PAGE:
- Fold and press the binding strip in half lengthwise. Open and press each raw edge to the center crease.
- Bring the folded edges together and press again.
- Position the binding around the hot pad, starting at one corner, so you stitch in a clockwise direction. For accurate sewing, be sure the edge of the hot pad is tight up inside the fold of the binding and the raw edges are flush at your starting point. Pin in place.
NOTE: If your fabric is directional, like a couple of ours, make sure to start your binding on the correct side so the loop will be in the best position for hanging. Upside-down birds are unnerving and could make you drop a hot pan.
- Using matching thread, stitch the binding to the hot pad. I've made a few notes below, but if you're brand new to binding, check out our tutorial, How to Make Faux Mitered Corners; this is the technique we used for the hot pads.
- To go around each corner, stitch to the edge, then backstitch about 1" and stop with the needle in the down position.
- Open the binding strip and fold it around the corner to form little triangle ‘ears'. When you make something sound cute, it seems easier ... dontcha think??
- Tuck one 'ear' underneath and one 'ear' on top of the hot pad.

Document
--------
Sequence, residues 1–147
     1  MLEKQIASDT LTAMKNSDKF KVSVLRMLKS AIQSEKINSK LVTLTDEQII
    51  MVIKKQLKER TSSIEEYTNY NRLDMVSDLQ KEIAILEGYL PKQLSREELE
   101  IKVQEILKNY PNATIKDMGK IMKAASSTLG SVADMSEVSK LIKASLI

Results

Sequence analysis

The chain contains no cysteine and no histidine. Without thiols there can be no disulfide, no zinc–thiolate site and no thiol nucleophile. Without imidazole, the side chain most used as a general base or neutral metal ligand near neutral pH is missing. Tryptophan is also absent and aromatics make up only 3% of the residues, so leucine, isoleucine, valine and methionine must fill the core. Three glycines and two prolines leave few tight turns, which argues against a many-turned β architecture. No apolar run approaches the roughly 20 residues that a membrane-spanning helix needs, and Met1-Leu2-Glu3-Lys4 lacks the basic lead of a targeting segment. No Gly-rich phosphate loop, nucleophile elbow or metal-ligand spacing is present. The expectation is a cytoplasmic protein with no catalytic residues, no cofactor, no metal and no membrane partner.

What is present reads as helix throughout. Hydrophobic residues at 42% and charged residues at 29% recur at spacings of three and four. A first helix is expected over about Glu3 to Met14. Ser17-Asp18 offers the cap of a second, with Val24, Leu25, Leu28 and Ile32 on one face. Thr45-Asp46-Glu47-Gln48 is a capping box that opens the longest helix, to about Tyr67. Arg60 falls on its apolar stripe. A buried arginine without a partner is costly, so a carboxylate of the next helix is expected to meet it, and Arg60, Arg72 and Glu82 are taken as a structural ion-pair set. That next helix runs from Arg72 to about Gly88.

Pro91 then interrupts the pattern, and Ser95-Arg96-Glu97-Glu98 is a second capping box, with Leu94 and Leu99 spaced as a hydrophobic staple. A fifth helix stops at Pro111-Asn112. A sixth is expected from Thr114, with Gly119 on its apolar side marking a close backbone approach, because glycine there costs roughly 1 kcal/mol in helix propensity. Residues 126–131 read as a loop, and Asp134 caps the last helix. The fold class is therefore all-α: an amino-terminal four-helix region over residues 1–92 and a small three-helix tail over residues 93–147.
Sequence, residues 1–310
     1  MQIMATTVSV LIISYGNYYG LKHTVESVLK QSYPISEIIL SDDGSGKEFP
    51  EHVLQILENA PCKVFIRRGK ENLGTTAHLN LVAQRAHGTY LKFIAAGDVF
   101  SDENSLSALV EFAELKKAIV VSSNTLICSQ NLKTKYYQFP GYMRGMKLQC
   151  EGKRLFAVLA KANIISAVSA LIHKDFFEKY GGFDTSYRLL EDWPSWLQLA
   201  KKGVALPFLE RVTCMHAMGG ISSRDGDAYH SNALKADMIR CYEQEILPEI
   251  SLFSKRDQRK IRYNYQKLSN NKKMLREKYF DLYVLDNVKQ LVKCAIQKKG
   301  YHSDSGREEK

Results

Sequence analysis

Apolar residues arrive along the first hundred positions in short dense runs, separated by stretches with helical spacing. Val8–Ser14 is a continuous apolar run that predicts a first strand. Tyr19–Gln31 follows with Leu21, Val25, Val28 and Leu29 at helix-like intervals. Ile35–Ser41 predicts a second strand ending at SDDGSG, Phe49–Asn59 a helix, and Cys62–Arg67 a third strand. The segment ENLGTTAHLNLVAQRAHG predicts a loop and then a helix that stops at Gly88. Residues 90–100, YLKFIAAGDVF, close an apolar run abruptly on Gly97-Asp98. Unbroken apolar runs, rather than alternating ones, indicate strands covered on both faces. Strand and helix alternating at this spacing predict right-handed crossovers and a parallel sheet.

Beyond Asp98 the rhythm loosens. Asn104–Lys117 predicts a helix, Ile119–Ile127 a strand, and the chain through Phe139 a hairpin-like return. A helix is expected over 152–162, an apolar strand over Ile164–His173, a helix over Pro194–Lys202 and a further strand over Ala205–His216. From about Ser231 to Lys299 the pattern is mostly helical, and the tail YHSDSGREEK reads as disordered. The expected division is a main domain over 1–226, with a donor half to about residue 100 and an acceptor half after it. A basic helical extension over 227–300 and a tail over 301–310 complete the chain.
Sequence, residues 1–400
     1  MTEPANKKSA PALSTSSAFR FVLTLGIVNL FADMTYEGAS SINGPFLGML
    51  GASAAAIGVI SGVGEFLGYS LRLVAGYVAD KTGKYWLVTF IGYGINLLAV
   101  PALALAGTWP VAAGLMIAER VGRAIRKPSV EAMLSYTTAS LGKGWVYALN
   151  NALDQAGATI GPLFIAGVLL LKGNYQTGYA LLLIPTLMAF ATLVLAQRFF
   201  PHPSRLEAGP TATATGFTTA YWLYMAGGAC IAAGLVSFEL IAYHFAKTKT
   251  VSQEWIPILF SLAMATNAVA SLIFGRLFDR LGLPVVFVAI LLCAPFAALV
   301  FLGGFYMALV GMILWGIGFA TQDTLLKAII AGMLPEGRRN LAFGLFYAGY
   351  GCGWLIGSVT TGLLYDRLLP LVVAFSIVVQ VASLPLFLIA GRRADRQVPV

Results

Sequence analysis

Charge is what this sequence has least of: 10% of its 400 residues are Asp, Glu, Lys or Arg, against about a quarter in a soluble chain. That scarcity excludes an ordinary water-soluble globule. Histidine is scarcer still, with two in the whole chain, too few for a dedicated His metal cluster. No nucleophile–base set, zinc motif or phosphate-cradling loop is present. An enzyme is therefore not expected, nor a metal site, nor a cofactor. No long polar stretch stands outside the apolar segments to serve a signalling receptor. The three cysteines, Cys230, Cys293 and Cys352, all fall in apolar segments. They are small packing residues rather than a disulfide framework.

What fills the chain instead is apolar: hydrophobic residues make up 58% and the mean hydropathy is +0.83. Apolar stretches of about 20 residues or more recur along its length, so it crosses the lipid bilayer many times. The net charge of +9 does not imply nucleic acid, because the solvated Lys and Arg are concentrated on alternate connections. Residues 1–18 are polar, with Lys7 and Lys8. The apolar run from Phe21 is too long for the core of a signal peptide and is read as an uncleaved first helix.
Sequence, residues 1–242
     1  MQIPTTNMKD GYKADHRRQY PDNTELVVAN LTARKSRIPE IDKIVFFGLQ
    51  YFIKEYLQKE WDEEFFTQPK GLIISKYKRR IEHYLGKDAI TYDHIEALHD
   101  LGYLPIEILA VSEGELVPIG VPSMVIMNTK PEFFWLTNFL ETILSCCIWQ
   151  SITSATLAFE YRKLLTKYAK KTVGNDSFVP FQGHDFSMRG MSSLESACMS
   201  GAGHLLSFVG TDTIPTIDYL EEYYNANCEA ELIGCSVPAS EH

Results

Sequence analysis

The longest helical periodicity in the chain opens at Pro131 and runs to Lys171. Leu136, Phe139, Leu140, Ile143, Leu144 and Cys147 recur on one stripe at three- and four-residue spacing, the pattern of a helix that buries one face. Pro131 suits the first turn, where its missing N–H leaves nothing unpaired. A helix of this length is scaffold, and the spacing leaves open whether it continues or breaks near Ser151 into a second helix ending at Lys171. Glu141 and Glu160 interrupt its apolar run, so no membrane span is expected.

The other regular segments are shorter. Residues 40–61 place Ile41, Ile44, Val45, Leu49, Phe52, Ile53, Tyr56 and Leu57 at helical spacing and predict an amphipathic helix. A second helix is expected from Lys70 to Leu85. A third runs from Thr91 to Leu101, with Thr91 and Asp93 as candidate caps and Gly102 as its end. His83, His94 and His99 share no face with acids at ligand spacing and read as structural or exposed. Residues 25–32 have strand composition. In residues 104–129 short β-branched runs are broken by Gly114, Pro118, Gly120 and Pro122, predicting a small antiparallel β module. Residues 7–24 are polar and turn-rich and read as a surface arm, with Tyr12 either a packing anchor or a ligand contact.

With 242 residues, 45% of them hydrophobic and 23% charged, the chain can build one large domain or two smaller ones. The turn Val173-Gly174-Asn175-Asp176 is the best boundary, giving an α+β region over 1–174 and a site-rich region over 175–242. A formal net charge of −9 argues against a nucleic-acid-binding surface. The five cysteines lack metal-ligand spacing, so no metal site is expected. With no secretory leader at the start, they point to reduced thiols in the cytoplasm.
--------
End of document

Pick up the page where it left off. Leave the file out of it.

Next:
- Wrap the binding around the raw edge perpendicular to your corner. Stitch and pivot around the corner, then continue sewing to the next corner. Holding the ‘ears' with a pin helps with the corner. Repeat for the next two corners.
- When you get to the last corner (back to where you started), you should still have about 5" of binding left. That's good ... you need that for the hanging hook.
- Sew past your final corner and straight off the hot pad, continuing to stitch on the binding, which closes the binding's folded edge. Tuck in the last ¼" for a clean finish.
- Fold the finished edge back towards the hot pad. Position the fold just beyond the binding edge of the hot pad. Pin. Stitch a box in the corner to secure the hanging hook in place and help reinforce it.
Project Design: Alicia Thommas
Sample Creation: Kathy Andrews, What Sew Ever